When I was younger than a budding preteen, our preacher joined my family for an evening dinner. My dad asked me to say the blessing, so I recited God is good, God is great. The following week, our church hosted a covered dish dinner in the fellowship hall. Before the congregation turned the various delicious dishes into sloppy leftovers, our preacher spoke to everyone without revealing his entire thoughts. He told the congregation that he was going to ask little Charlie Sewell to say the blessing. I’m sure that I stammered out something totally goofy, and I was relieved when I finally arrived at the amen part. When we got in the car to go home, Dad said, “Charlie, the preacher wanted you to say the blessing like you did when he ate dinner with us last week.” Nearly in tears and very upset, I responded, “Then why didn’t he say so?”

Speak what’s on your mind and mean what you say, but say nothing unless you tell the entire story. Anything that’s said can encourage others, devastate them, or even make a lifelong impression, so it’s vehemently important to carefully pick the right words. The heat of the moment can cool, but words spoken in anger can stay forever heated in someone’s heart.

Law enforcement officers are regularly forced into heat of the moment situations. Good communication skills, interpersonal relationship skills or de-escalation techniques can help immunize them against becoming victims in heated situations.

There’s a huge benefit in avoiding conflict and eliminating unnecessary stress. It only makes sense to calmly use carefully thought out words in heated situations to help keep everyone safe. One of the most dangerous tools law enforcement officer have is the spoken word. If they choose the wrong words or spout off inappropriately, death, job loss, or even lawsuits can develop.

Law enforcement officers face people who yell, scream and fight just because it’s in their nature. When they calmly introduce themselves and slowly and steadily inquire about a suspect’s welfare, tense situations can often be de-escalated. The law says that they can use whatever force is necessary to effect an arrest, but better communication skills can often create a win-win situation of voluntary compliance.

One police department where I worked sent new police recruits to a police academy that required them to salute their trainers. They endured training staff members who belittled them and shouted commands like they were attending a military boot camp. Our initial reaction was, “Wow, this is cool.” But second blush told us that this type behavior wasn’t experienced on the street, and what we really needed was better eye contact and better conversation. These topics, however, weren’t part of the academy’s curriculum.

The curio cabinet in our lobby was full of legally confiscated slapsticks, knives, mace, illicit drugs paraphernalia, and other illegal and dangerous tools. We also had three 4’X8’ shoulder patch boards hanging on the walls. After listening intently to a heart-felt suggestion by a new recruit, we came to the conclusion that we may be advertising the wrong message.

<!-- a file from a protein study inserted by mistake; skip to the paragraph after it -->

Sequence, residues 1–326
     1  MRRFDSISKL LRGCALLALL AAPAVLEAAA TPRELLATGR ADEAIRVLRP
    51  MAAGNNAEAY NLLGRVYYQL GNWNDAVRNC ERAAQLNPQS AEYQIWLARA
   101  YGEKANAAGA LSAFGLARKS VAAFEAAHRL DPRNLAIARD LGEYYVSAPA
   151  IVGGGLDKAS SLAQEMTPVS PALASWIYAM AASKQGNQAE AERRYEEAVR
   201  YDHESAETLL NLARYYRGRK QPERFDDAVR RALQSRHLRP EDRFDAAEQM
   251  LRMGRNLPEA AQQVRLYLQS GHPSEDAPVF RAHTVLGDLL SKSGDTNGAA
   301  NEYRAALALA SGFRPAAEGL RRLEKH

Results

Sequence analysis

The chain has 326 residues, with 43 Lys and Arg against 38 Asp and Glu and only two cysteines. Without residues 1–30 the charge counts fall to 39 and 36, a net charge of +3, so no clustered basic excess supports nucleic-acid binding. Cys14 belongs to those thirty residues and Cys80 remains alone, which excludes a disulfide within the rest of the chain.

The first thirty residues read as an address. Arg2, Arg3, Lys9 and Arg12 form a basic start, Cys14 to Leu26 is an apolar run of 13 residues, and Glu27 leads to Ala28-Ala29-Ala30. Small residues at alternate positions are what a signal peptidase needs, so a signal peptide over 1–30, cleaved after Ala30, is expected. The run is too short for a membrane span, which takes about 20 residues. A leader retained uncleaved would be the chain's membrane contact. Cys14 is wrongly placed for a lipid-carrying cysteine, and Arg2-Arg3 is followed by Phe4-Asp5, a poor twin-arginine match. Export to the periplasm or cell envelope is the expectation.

After a department-wide fire and brimstone meeting, we swallowed our pride then redecorated our lobby with pictures of smiling police officers interacting positively with citizens. Next, we worked together to reword our mission statement and replaced the patch boards with a large professionally printed copy on the wall. Our goal was to send a clear message to all citizens that our primary interest was professionalism, their protection and their rights. It didn’t take long before the entire department exhibited a more benevolent nature.

We were criticized by some people who felt that we had become soft and were setting ourselves up for disaster. They felt that we would hesitate in doing our job and our officers would be in more danger. As a result of our new initiative, officer injuries, citizen injury and citizen’s irate behavior dropped. Our training helped us focus more on what suspects were doing, less on their appearance, and less on what neighborhood we were in. Instead of shouting out something inappropriate or regretful, we learned how to breathe slowly and deeply, relax our thoughts, and when necessary, count to 10 before we spoke. Our new paradigm worked just like we hoped and just like the new recruit said. It simply sowed the seeds for our future reputation.

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Charlie Sewell is a retired Powder Springs police chief who lives in Cherokee County. His book “I’d Rather You Call Me Charlie: Reminiscences Filled With Twists of Devilment, Devotion and A Little Danger” is available on Amazon. Email him at retiredchiefsewell@gmail.com.